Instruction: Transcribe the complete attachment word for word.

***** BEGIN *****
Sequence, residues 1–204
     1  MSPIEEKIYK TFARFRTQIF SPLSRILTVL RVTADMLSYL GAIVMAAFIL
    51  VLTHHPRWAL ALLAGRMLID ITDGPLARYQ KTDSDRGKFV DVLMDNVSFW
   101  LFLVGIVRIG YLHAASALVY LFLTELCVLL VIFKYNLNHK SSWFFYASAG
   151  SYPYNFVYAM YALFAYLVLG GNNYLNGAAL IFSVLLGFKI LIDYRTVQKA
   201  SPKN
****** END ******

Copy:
Sequence, residues 1–204
     1  MSPIEEKIYK TFARFRTQIF SPLSRILTVL RVTADMLSYL GAIVMAAFIL
    51  VLTHHPRWAL ALLAGRMLID ITDGPLARYQ KTDSDRGKFV DVLMDNVSFW
   101  LFLVGIVRIG YLHAASALVY LFLTELCVLL VIFKYNLNHK SSWFFYASAG
   151  SYPYNFVYAM YALFAYLVLG GNNYLNGAAL IFSVLLGFKI LIDYRTVQKA
   201  SPKN